Making Tabor Pipes

Making it, listening to it, words, music sheets, making instruments

Moderator: Moderators

Post Reply
User avatar
tabor
Posts: 16
Joined: Thu Jun 17, 2010 8:09 am

Making Tabor Pipes

Post by tabor »

I thought this might be of use to somebody:

Being on a tight budget I cannot afford to buy a variety of tabor pipes but wanted have pipes in a range of keys so decided to have a go at making pipes out of copper and plastic tube (not authentic I know but it gives a chance to play pipes in different keys and decide which key you prefer before ordering an 'authentic' pipe).

Basically I have used 14mm outside diameter plastic tube and 14mm outside diameter copper tube. I got the plastic tube from a kid's halloween broom handle sold by Asda (£1 per broom if i remember correctly) and the copper tube is standard plumbing pipe. Some of the fipples have been home made using the instructions here: http://www.ggwhistles.com/howto/ and on some I have 'cheated' and used the plastic fipple from a Clarks Meg pennywhistle and used tape to 'pad out' the tube so the fipple is a tight fit. My sucess rate with homemade fipples has been quite low (about 1 fipple block in 10 works!) so I now prefer to use the meg whistle fipples. Total cost of each pipe is about £5 including the purchase of a 'donor' meg whistle.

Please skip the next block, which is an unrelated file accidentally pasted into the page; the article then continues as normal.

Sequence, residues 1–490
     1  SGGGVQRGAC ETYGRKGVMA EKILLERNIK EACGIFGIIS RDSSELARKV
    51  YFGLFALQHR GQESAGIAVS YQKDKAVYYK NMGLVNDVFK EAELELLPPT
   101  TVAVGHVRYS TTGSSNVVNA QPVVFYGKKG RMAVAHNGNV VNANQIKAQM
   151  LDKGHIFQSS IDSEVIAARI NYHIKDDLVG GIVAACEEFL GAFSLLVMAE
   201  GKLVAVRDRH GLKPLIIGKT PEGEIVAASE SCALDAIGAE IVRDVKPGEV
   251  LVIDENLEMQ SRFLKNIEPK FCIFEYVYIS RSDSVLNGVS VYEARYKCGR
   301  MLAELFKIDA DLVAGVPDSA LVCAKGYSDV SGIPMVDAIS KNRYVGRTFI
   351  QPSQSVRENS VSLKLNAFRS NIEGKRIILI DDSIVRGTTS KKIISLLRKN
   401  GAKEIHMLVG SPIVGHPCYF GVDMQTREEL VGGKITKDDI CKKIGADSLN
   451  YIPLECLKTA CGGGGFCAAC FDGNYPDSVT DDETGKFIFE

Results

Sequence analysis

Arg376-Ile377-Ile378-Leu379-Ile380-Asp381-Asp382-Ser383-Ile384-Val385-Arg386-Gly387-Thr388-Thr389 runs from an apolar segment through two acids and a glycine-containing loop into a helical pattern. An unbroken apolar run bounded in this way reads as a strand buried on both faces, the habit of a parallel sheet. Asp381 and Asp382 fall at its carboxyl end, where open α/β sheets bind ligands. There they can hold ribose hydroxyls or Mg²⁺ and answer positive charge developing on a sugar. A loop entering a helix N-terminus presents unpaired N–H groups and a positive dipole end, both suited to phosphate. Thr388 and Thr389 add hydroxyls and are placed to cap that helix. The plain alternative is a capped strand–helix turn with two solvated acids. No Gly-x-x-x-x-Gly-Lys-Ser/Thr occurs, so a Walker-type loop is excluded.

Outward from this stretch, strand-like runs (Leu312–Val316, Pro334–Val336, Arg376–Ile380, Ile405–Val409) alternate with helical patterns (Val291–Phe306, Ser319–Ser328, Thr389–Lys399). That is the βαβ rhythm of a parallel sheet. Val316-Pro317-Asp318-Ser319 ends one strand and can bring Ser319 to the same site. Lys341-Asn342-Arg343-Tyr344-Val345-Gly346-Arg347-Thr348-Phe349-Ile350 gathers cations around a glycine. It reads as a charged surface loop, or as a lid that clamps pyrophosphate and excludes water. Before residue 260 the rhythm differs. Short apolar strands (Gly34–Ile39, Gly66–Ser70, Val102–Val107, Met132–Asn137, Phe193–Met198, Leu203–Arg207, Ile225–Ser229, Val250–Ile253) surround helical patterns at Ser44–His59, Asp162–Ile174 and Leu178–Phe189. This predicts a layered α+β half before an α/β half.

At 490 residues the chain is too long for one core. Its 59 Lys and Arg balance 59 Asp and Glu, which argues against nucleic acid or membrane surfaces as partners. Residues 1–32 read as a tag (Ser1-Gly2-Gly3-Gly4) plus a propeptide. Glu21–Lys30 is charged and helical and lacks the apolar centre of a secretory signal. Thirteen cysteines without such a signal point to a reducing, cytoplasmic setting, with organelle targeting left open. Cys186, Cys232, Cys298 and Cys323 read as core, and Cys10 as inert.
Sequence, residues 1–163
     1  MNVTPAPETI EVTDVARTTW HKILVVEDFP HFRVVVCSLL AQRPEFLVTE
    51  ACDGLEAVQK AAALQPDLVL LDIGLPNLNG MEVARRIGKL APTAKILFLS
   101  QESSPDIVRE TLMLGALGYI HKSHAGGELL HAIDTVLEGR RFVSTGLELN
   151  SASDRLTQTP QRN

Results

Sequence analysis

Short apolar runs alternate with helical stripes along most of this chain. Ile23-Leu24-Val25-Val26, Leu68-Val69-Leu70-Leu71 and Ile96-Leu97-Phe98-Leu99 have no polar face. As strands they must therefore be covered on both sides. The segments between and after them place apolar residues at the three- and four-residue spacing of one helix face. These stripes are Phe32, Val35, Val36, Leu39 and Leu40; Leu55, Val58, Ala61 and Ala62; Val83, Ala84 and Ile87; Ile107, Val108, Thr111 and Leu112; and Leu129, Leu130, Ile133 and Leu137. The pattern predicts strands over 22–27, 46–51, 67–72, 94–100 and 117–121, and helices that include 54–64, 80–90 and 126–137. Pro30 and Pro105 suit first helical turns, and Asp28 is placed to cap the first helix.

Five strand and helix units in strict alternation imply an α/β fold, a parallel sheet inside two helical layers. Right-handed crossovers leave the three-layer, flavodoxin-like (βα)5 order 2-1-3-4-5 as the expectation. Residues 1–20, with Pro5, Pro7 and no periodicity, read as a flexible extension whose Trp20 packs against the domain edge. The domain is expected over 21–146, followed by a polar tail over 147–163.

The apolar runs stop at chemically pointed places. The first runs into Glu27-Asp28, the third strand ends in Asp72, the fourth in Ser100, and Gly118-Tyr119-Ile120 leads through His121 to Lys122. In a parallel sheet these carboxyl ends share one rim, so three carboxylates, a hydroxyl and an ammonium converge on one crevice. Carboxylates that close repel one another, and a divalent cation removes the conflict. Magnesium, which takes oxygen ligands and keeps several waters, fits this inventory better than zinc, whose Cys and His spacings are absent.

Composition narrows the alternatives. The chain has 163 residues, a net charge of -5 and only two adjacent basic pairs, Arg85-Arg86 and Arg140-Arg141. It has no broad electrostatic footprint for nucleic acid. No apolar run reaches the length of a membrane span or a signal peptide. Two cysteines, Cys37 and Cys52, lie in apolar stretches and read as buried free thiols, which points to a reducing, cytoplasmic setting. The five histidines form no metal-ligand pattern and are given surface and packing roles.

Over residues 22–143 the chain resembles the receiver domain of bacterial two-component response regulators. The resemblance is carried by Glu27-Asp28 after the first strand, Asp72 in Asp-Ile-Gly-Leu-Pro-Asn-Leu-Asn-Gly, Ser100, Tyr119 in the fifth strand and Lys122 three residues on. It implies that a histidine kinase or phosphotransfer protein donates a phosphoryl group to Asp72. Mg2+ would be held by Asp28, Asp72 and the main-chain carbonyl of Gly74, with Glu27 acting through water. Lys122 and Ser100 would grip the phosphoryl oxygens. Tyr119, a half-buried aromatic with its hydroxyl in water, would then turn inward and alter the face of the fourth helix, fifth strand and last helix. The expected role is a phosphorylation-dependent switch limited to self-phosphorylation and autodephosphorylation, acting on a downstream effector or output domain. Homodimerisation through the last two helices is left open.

So far, after a few failures, I have managed to make decent sounding pipes in both copper and plastic in the keys of D, Bflat and G. A very accomplished pipe and tabor player posts videos on YouTube under the name of PartridgeHearne. He has made pipes out of copper tubing and commercial fipples from cheap pennywhistles and has posted dimesions for pipes in Bflat and G on YouTube.

If anyone has a go at making a tabor pipe using the Meg whistle fipple I recommend that they carry out the fipple tweaking mods suggested here: http://www.chiffandfipple.com/tweak.html - it makes quite a difference.

The plastic pipes do not look any too 'pretty' with the shinny black plastic tube I used so I got some wood effect self adhesive vinyl sheet and covered the tubes in it. The result is actually quite pleasing. The copper pipes look good as is and can be either polished or left to develope a lovely patina.

All in all tabor pipe making is an interesting and rewarding pastime in itself.

Post Reply